What we do

Our research revolves around the bioinformatic integration and analysis of datasets from state-of-the-art omics technologies, which we obtain through close collaboration with experimental biologists. These datasets include genome sequences, gene and protein expression, as well as metabolomics data.
One focus is to exploit the unique advantages of proteomics data, including strategies to identify all proteins encoded in a genome (proteogenomics). Another focus is to study the role of microbiomes - e.g. for plant protection - by applying metagenomic, comparative genomic and transcriptomic approaches and integration of the resulting datasets.

Highlights 2018

One highlight was the de novo assembly of a prokaryote with a highly complex genome harboring near identical repeats of 70 kb in length, which contained genes that may confer a fitness advantage. Such highly complex genomes represented about 10% of all prokaryotic genomes. Very long reads allow to assemble such genomes without the need for labor-intense manual steps like optical mapping, primer walking, etc. We released the repeat complexity assessment for almost 10'000 prokaryotic genomes.

We also applied our expertise in genome assembly and comparative genomics on a project studying cheese starter cultures.

Finally, we applied our integrative proteogenomics strategy to identify missed protein-coding genes in prokaryotes on additional model organisms. A public web server allows researchers to create such integrated proteogenomics search databases (iPtgxDBs), as well as GFF files that integrate different annotations, transparently capturing overlap and differences.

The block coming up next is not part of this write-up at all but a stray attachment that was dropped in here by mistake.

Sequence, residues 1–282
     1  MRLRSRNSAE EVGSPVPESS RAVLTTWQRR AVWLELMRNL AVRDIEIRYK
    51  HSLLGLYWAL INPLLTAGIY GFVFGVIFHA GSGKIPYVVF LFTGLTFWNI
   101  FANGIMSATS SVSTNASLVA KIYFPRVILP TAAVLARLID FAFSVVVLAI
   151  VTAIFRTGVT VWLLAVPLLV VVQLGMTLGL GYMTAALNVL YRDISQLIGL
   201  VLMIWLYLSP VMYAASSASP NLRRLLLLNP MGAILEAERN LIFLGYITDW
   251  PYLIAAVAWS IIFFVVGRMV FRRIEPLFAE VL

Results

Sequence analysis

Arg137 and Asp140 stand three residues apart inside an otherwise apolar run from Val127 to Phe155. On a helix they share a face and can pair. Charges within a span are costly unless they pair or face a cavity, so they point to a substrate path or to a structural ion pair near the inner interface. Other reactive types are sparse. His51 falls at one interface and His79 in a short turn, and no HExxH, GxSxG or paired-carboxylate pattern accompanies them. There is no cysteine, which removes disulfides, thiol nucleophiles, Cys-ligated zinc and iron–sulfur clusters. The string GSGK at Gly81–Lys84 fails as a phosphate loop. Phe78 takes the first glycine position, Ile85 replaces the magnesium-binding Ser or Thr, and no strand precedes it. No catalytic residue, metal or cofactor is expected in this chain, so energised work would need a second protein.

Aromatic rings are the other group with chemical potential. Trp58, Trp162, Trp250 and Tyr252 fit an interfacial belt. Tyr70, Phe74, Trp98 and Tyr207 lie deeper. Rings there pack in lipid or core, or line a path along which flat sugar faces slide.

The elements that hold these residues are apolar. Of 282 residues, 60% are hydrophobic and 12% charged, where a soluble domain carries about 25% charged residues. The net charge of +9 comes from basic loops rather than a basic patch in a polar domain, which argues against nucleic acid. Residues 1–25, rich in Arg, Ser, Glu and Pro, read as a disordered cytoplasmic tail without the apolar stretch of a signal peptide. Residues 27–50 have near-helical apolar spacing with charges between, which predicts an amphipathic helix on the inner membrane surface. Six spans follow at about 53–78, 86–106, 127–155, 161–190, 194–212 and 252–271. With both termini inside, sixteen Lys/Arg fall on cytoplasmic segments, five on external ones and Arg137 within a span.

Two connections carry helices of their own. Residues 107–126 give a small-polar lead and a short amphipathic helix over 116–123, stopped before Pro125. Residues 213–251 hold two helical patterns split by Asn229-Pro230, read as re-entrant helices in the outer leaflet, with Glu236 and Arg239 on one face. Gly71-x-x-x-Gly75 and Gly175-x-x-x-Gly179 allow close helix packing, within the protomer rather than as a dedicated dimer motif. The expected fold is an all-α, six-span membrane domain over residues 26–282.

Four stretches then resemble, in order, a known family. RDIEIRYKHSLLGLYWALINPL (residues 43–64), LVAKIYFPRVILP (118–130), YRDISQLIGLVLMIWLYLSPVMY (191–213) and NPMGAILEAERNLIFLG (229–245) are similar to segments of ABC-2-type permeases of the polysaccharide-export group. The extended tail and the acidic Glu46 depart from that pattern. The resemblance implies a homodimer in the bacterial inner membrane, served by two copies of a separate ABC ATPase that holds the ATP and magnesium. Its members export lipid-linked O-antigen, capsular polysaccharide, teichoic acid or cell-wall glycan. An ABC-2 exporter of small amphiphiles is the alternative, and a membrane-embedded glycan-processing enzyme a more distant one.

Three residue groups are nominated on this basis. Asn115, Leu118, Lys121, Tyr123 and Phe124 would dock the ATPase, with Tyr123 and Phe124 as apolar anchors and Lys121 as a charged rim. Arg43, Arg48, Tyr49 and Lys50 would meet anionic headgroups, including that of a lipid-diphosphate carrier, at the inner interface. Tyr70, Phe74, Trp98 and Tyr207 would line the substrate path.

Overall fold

Find out more about the Group’s activities

Main publications 2018

  • Schmid M et al.
    Pushing the limits of de novo genome assembly for complex prokaryotic genomes harboring very long, near identical repeats.
    Nucl Acid Res, https://doi.org/10.1093/nar/gky726
  • Schmid M et al.
    Comparative genomics of completely sequencedl Lactobacillus helveticus genomes provides insights into strain-specific genes and resolves metagenomics data down to the strain level.
    Front Microbiol, doi: 10.3389/fmicb.2018.00063




Zurich university waedenswil

Christian Ahrens
Bioinformatics and Proteogenomics Group
Agroscope, Wädenswil
Group Webpage

Domain(s) of activity:

  • Proteins and proteomes
  • Comparative genomics
  • Data mining
  • Drug resistance
  • Functional genomics
  • Metagenomics
  • Microbiology
  • Next generation sequencing
  • Proteomics
  • Software engineering
  • Transcriptomics

Domain(s) of application:

  • Agriculture
  • Basic research